Safety plays an important role when working with power tools. It’s easy to get tired or distracted during a project, and hazards like faulty electrical connections can be hidden.

You can reduce your risk of injury by following these safety guidelines:

Before using your tools

Always read the owner’s manual carefully.
Inspect the tool before each use, and replace or repair damaged parts.
Use the correct tools for the job – don’t use a tool or attachment for something it wasn’t designed to do.
Always wear the appropriate safety gear – shatter-proof glasses or goggles and ear plugs are a must, and dust masks are usually a good idea.
Don’t wear safety gloves – they can interfere with your ability to control the tool.
Avoid wearing loose-fitting clothing and remove rings and other jewelry.

Work areas

Keep your work area clean – sparks can ignite scraps, sawdust and solvents.
Remember that water conducts electricity – don’t stand on a damp floor, and keep your hands and tools dry.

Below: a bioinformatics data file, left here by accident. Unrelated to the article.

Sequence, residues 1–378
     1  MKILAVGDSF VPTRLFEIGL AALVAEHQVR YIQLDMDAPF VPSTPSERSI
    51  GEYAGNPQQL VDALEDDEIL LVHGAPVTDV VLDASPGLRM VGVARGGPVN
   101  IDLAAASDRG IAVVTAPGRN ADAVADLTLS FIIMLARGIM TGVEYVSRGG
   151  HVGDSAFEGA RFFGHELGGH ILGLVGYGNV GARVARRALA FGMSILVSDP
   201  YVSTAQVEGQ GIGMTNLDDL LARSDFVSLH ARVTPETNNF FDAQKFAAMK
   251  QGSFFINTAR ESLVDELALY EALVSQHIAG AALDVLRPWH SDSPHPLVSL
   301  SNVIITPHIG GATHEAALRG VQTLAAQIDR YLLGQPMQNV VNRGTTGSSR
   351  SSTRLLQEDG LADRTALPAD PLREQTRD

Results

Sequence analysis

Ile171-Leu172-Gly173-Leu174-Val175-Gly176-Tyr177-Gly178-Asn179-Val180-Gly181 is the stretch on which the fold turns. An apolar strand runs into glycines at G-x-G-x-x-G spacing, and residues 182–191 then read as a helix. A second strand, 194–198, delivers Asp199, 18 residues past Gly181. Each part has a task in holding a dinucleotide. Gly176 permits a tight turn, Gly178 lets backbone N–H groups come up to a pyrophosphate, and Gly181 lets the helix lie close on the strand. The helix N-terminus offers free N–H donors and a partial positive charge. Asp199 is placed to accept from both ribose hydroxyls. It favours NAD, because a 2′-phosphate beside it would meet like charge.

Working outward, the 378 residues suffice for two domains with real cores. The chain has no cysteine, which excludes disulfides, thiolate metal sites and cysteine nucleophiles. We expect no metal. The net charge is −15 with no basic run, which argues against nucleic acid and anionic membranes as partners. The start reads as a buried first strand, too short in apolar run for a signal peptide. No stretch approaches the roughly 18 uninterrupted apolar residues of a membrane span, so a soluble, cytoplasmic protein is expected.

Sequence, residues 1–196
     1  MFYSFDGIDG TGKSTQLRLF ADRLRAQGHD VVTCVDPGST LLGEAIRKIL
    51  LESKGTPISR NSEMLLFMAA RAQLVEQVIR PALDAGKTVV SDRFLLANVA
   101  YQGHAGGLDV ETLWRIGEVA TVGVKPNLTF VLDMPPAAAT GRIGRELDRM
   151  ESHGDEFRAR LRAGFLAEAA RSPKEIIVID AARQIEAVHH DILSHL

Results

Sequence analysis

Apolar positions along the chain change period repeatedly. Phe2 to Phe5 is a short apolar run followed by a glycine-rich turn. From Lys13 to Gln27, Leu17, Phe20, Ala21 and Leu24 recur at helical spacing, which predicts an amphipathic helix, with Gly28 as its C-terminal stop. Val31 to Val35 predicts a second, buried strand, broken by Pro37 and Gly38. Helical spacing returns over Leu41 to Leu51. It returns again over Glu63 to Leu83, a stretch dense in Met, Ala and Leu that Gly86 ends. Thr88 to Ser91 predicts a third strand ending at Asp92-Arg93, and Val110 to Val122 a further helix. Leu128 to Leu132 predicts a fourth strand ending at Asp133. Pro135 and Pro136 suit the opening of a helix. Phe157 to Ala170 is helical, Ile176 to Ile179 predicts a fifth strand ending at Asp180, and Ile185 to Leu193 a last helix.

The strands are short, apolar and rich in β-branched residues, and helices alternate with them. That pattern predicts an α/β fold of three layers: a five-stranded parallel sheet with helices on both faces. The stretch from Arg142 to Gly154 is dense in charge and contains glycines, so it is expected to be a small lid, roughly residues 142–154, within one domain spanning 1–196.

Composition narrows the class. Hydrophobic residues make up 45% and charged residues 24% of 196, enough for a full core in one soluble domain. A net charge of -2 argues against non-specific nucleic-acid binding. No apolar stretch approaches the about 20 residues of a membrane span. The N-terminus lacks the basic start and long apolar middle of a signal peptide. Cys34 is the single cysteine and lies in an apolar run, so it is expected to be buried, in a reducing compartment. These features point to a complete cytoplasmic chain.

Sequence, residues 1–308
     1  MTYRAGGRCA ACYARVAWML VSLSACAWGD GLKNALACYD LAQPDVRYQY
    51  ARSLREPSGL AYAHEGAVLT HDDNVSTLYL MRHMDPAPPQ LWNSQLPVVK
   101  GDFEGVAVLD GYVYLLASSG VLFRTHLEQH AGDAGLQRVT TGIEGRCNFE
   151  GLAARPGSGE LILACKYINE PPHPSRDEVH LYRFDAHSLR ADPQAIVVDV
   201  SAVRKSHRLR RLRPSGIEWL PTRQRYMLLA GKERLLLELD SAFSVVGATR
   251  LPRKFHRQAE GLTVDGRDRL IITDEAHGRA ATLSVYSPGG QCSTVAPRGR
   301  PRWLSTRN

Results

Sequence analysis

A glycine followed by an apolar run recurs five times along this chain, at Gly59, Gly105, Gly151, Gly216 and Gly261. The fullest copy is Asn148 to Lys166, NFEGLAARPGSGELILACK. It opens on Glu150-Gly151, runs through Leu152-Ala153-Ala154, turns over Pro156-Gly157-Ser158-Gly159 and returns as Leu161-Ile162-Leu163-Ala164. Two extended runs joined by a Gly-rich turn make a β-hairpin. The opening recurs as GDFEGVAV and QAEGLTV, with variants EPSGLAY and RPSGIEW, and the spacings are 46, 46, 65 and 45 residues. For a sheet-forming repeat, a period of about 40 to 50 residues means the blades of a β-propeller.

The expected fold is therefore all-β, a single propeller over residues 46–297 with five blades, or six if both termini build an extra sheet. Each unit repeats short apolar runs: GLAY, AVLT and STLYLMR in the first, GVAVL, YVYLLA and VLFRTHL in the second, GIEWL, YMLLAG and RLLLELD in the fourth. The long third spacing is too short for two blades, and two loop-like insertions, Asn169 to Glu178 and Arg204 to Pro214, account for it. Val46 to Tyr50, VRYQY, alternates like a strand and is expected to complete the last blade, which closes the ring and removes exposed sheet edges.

Make sure the electrical wiring is safe. All outlets should have three-hole sockets or a ground fault circuit interrupter.
If you need an extension cord, make sure it’s rated for the wattage of the tool you’re using, and use only outdoor-rated cords outside.
When you’re working on a ladder or scaffolding, rest the tool on a flat surface or in a bin secured to the ladder. A falling tool can seriously injure a helper or family member.
Keep a first aid kit handy, and if possible, a telephone with a list of emergency numbers.
Install an all-purpose fire extinguisher and smoke alarms in the areas where tools are used.

Repairing and cleaning power tools

Always turn off and unplug a tool before adjusting, cleaning, attaching an accessory or changing a bit or blade.
Unplug tools immediately after you’re finished and put them away.